Of course that's not what really happened, but it sure does seem that way. So far, the Steelers have lost four players from last year's 15-1 team. In addition to QB Ben Roethlisberger's favorite target, WR Plaxico Burress (now a Giant), the right side of the offensive line is also playing somewhere else next season (RG Keydrick Vincent is a Raven and RT Oliver Ross will ply his trade in Arizona). Also gone is 2001 AFC Defensive Rookie of the Year, MLB Kendrell Bell, who was ridiculously overpaid to take his game to Kansas City.
And Pittsburgh? They got WR Cedrick Wilson -- all 5'10" 190 lbs. of him to replace Burress. He may be six inches shorter than his predecessor, but his ability to stretch the field will help neutralize his lack of height. As of now he'll battle the other 5'10" 190 lbs. receiver, Antwaan Randle El, for the number two spot, although there's a very good chance the Steelers will take a receiver early in the draft.
It was either Vince Lombardi or David Brent who said you can never have enough defensive backs. Whoever it was, the Steelers are believers. They have the 30th overall selection and, depending on how things play out, they could either take a cornerback or a wide receiver. They released CB Chad Scott and currently have 34 year old Willie Williams penciled in as the starter. Last year's 2nd round pick, Ricardo Colclough, and third-year player Ike Taylor will also get a chance to win the job. Currently names like Clemson's Justin Miller, LSU's Corey Webster, and Michigan's Marlin Jackson are all mentioned as players who may be around late in the first round.
If Pittsburgh instead decides to find Burress's replacement, there are a few intriguing names that should be available. South Carolina's Troy Williamson is a 6'1", 200 lbs. junior who can run by anybody. He still is considered a bit raw, but his athleticism and big-play ability make him a very interesting prospect. If Pittsburgh waits until later rounds to get a receiver, two guys that turned a lot of heads at the combine were Arkansas's Matt Jones and Northern Colorado's Vincent Jackson. Jones played QB in college, but he's a 6'6" athlete who busted out a 4.4 sec. 40-yard dash at the combine and also played on the basketball team. He's considered a project. Jackson on the other hand, is a polished route runner who also happens to be 6'4", 240 lbs. If Jerome Bettis were five inches taller, a lot faster, and could catch, he'd be Vincent Jackson.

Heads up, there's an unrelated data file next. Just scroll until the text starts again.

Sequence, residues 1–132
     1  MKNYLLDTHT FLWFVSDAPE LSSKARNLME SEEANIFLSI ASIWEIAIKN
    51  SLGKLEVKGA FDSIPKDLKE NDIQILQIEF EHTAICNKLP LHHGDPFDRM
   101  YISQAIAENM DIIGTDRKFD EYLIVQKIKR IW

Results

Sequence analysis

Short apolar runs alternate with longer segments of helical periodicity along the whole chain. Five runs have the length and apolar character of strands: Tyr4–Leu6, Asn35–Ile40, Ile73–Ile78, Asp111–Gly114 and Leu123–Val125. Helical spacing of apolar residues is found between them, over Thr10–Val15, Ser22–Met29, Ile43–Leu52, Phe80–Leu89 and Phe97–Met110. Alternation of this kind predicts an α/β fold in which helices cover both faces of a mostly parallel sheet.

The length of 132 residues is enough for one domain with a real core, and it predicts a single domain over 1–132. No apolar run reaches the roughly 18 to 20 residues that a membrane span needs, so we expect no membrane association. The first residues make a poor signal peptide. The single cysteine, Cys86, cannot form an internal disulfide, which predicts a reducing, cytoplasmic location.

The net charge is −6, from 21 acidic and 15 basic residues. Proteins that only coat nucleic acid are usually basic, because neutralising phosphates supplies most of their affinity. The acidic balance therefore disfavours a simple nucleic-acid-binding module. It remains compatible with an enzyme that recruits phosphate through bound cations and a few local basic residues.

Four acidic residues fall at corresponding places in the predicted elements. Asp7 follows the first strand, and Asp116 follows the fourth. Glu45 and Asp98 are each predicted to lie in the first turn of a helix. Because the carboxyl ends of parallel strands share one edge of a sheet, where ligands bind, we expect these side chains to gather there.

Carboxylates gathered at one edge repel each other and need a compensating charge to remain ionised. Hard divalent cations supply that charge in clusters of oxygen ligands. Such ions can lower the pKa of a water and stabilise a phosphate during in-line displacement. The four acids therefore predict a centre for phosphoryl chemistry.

There's some talk that Jackson could move to tight end at the next level, which would also suit their draft needs since they currently have only one tight end on the roster who's ever started an NFL game, Jerame Tuman.
Finally, if Pittsburgh doesn't sign a proven offensive lineman during free agency, look for them to take one during the draft. Their offensive line may actually improve next season, but due to lack of depth they must avoid injuries.
The New England Patriots get more out of their drafts than any other team in the NFL. Often overshadowed -- but almost as effective -- are the Pittsburgh Steelers, especially when it comes to production out of late round picks. In 1998, Pittsburgh took WR Hines Ward in the third round and CB Deshea Townsend a round later. The next year, the Steelers got OLB Joey Porter in the third round and DE Aaron Smith in the fourth round. Both were Pro Bowlers last season. In 2000 they drafted their other OLB, Clark Haggans, in the fifth round. And with consecutive picks in 2002 Pittsburgh got FS Chris Hope (3rd round), MLB Larry Foote (4th round) and RB Verron Haynes (5th round) -- all big contributors last season.
The Steelers have also had some good fortune with early round picks too. Since 2001 Pittsburgh has selected Roethlisberger, S Troy Polamalu, G Kendall Simmons, and NT Casey Hampton in the first round. Polamalu and Hampton are Pro Bowlers and Simmons and Roethlisberger aren't bad either.
As long as Pittsburgh avoids getting locked into filling a particular position (see WR Troy Edwards, 1999 draft), they're often very successful. They've traded up in the early rounds the last two seasons (giving up draft picks in the process), but don't expect to see them do that next month. Unlike seasons' past, there's not enough differentiation between players to necessitate a move up the board.
Next week: NFC South by Russell Levine and NFC West by Mike Tanier.
1 comment, Last at 28 Apr 2006, 5:27pm by ray